ALBANY — As the final scheduled week of budget negotiations ticks away, the Senate’s Republican majority and the Assembly’s Democratic majority, as well as Gov. Andrew M. Cuomo on Monday said the major snag is a “raise the age” proposal that would stop treating youths as adults in criminal courts.
“They’re trying to work something out,” said Senate Deputy Majority Leader John DeFrancisco (R-Syracuse) as he emerged from a closed-door conference of Republicans.
Asked what agreements are in place as the Friday night deadline approaches for the state budget, the Syracuse Republican said: “Nothing.”
At issue is a move to raise the age of criminal responsibility to 18 years old (http://nwsdy.li/2nFglO6).
Supporters of the bill say cases against youths should be heard in Family Court or by a special court so young offenders convicted of nonviolent crimes can get a chance at a new direction and avoid being imprisoned with hardened criminals.
Republicans, however, want to avoid a law that they say would go soft on dangerous criminals, even if they are 16 or 17 years old. Assemb. Al Graf (R-Holbrook) has referred to the bill as a “gang recruitment act.”
The key stumbling block appears to be what constitutes a “nonviolent crime.” The debate includes whether crimes such as disorderly conduct or harassment stemming from a fight or confrontation with other youths would be considered a violent crime.
Sen. James Tedisco (R-Schenectady) said that many of his GOP colleagues feel the bill must apply only to nonviolent youths in crimes that didn’t include a weapon or sexual assault.
The measure is pushed in the Senate by the eight members of the Independent Democratic Conference of Democrats. The IDC broke away from Democratic minority in 2011 to forge a coalition with the GOP, which protects the Republicans’ narrow majority control. Republican senators said passage of the bill could be a win to help provide the IDC as it fights members of the mainline Democratic conference who accuse the IDC of working to support Republicans.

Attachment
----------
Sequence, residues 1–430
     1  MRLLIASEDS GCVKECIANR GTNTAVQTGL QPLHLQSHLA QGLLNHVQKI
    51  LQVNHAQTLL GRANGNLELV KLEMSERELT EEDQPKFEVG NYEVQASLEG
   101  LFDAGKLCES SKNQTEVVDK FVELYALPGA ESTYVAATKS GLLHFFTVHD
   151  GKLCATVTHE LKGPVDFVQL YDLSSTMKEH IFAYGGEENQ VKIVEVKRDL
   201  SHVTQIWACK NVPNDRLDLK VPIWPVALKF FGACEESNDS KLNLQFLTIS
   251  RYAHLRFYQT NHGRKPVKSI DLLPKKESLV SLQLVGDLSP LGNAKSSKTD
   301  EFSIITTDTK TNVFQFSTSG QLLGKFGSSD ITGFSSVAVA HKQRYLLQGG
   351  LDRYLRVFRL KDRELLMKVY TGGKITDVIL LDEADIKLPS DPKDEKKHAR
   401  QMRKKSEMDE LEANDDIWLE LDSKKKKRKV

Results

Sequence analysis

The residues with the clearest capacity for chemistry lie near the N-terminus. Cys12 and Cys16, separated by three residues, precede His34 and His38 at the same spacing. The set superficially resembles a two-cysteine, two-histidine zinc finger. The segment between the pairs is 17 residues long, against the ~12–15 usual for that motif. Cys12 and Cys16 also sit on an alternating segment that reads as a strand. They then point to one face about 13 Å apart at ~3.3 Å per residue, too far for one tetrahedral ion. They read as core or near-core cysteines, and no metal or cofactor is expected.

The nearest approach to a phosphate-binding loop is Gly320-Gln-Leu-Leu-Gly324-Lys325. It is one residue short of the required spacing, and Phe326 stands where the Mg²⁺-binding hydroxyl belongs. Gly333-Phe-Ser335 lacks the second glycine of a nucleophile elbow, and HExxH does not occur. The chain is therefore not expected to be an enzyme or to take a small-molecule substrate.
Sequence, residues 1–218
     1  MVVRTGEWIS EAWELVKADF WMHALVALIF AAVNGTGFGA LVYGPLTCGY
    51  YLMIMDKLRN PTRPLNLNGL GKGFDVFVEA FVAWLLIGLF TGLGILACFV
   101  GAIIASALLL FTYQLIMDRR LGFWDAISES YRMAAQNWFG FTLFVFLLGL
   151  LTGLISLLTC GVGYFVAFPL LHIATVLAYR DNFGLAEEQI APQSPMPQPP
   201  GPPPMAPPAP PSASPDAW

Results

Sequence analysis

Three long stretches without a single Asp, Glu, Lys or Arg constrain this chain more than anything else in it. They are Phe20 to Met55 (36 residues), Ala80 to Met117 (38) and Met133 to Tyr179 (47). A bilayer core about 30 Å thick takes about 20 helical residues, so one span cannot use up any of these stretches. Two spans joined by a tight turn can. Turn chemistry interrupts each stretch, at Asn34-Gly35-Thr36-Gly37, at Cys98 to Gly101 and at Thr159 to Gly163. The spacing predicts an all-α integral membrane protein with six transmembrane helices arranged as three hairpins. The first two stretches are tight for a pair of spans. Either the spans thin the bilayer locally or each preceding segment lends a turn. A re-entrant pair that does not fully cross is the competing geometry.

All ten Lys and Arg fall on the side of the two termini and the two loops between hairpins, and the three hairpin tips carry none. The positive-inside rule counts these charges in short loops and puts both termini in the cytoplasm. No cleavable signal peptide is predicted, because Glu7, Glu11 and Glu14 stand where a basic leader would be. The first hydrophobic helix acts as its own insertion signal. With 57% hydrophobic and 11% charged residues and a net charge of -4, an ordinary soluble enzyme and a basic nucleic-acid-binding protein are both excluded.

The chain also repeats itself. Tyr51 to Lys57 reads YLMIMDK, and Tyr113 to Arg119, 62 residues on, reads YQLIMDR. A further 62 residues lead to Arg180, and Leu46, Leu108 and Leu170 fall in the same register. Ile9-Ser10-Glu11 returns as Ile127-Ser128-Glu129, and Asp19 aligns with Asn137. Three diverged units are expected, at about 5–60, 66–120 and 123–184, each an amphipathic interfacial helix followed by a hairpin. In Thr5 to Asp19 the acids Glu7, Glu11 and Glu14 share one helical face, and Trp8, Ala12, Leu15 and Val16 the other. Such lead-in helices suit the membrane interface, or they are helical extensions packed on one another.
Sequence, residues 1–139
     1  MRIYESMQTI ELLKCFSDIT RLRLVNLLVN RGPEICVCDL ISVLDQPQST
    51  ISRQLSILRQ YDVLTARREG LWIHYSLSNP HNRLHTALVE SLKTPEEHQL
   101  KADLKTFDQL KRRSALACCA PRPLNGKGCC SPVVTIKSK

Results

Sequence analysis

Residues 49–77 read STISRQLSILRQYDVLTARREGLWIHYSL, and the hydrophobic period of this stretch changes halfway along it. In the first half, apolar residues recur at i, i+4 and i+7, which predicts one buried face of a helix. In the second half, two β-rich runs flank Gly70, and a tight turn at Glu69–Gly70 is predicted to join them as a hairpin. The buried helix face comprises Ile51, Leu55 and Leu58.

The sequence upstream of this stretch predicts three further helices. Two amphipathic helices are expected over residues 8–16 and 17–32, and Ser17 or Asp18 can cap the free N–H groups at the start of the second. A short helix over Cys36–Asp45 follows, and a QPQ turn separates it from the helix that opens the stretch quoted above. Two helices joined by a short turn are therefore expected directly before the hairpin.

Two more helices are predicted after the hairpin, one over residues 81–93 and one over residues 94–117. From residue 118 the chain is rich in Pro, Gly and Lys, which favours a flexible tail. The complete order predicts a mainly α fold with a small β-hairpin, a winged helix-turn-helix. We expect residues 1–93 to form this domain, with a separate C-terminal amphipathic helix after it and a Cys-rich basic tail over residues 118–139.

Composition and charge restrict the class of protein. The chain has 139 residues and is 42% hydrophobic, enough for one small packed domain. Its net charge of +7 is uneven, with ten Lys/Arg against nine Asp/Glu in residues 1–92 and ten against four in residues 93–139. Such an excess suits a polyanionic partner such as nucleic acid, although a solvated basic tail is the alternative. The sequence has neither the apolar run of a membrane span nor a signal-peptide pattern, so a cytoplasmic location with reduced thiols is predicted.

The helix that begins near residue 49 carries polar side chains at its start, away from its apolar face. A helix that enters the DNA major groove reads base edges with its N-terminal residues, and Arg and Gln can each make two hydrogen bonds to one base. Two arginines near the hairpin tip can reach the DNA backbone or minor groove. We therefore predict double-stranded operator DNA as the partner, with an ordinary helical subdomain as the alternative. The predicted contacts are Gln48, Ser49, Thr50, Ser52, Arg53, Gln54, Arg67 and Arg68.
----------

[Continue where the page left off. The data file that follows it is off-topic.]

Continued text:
“We are very, very, very, very close on raise the age,” Cuomo told NY1 Monday evening. “Raise the age is critical for me.”
He said “the basic split” is over what crimes against 16- and 17-year-olds would go to Family Court. He said nonviolent felonies and misdemeanors should go to Family Court, but violent felonies, including murder and rape even when committed by teenagers “is not a Family Court crime.”
Cuomo also warned that uncertainty of federal aid cuts might force the state to adopt “extenders,” which would mostly continue current spending until the federal budget is revealed in May.
“Unless the legislature is willing to fund at a responsible level, we should do an extender on the whole budget until everything gets sorted out,” Cuomo said. “I am not willing to pass a budget that spends more money than we have a reasonable expectation of collecting.”
There was no immediate comment from the IDC.
“The impact that the current age of criminal responsibility has on 16- and 17-year-olds affects them for the rest of their lives,” Klein said in December in releasing a study to back up the bill.
“How do you define something as nonviolent vs. violent? Some of these crimes are pretty egregious,” Senate Majority Leader John Flanagan (R-East Northport) said after a brief negotiating session in Cuomo’s office. “That is absolutely part of the discussion right now.”
Democrats see it differently.
“They want nonviolent offenses to go through adult criminal procedure,” said Assembly majority spokesman Michael Whyland on Twitter. He added in the tweet: “Non-starter.”